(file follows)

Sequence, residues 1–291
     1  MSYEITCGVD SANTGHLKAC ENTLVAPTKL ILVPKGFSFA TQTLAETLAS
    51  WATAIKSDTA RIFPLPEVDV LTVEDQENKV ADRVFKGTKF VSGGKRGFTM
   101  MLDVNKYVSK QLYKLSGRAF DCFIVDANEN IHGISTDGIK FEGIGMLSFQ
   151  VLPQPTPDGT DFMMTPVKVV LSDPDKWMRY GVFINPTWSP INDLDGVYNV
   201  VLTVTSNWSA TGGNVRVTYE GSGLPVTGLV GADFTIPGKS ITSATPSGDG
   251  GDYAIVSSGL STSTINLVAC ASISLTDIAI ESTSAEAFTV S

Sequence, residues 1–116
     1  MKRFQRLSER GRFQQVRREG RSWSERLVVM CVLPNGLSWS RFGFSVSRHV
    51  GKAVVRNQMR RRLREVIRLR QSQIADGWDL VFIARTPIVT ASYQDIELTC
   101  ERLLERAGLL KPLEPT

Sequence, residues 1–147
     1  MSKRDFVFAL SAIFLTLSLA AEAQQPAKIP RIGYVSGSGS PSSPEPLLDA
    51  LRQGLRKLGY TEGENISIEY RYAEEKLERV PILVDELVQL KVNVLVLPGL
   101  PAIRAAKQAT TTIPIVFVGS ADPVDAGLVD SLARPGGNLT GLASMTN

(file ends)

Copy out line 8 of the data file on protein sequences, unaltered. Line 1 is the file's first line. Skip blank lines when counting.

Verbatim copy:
Sequence, residues 1–116